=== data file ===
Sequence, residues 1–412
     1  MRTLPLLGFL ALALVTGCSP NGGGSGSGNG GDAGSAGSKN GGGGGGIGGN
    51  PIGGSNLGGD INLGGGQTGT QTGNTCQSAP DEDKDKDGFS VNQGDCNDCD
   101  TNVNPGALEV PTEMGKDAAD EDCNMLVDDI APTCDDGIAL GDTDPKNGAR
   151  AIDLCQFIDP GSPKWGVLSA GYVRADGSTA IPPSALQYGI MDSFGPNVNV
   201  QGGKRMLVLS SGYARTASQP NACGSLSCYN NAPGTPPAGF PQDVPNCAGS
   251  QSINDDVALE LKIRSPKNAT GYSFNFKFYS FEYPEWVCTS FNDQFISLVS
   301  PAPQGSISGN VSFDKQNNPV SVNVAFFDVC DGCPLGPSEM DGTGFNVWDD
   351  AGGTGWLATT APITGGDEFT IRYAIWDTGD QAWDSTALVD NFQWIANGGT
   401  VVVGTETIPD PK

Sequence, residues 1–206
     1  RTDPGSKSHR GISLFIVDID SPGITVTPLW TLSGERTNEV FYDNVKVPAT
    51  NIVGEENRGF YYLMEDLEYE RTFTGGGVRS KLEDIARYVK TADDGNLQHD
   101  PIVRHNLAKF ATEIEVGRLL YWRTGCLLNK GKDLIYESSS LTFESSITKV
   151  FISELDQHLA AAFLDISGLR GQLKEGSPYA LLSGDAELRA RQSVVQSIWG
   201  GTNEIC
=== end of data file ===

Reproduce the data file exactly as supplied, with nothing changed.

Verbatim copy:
Sequence, residues 1–412
     1  MRTLPLLGFL ALALVTGCSP NGGGSGSGNG GDAGSAGSKN GGGGGGIGGN
    51  PIGGSNLGGD INLGGGQTGT QTGNTCQSAP DEDKDKDGFS VNQGDCNDCD
   101  TNVNPGALEV PTEMGKDAAD EDCNMLVDDI APTCDDGIAL GDTDPKNGAR
   151  AIDLCQFIDP GSPKWGVLSA GYVRADGSTA IPPSALQYGI MDSFGPNVNV
   201  QGGKRMLVLS SGYARTASQP NACGSLSCYN NAPGTPPAGF PQDVPNCAGS
   251  QSINDDVALE LKIRSPKNAT GYSFNFKFYS FEYPEWVCTS FNDQFISLVS
   301  PAPQGSISGN VSFDKQNNPV SVNVAFFDVC DGCPLGPSEM DGTGFNVWDD
   351  AGGTGWLATT APITGGDEFT IRYAIWDTGD QAWDSTALVD NFQWIANGGT
   401  VVVGTETIPD PK

Sequence, residues 1–206
     1  RTDPGSKSHR GISLFIVDID SPGITVTPLW TLSGERTNEV FYDNVKVPAT
    51  NIVGEENRGF YYLMEDLEYE RTFTGGGVRS KLEDIARYVK TADDGNLQHD
   101  PIVRHNLAKF ATEIEVGRLL YWRTGCLLNK GKDLIYESSS LTFESSITKV
   151  FISELDQHLA AAFLDISGLR GQLKEGSPYA LLSGDAELRA RQSVVQSIWG
   201  GTNEIC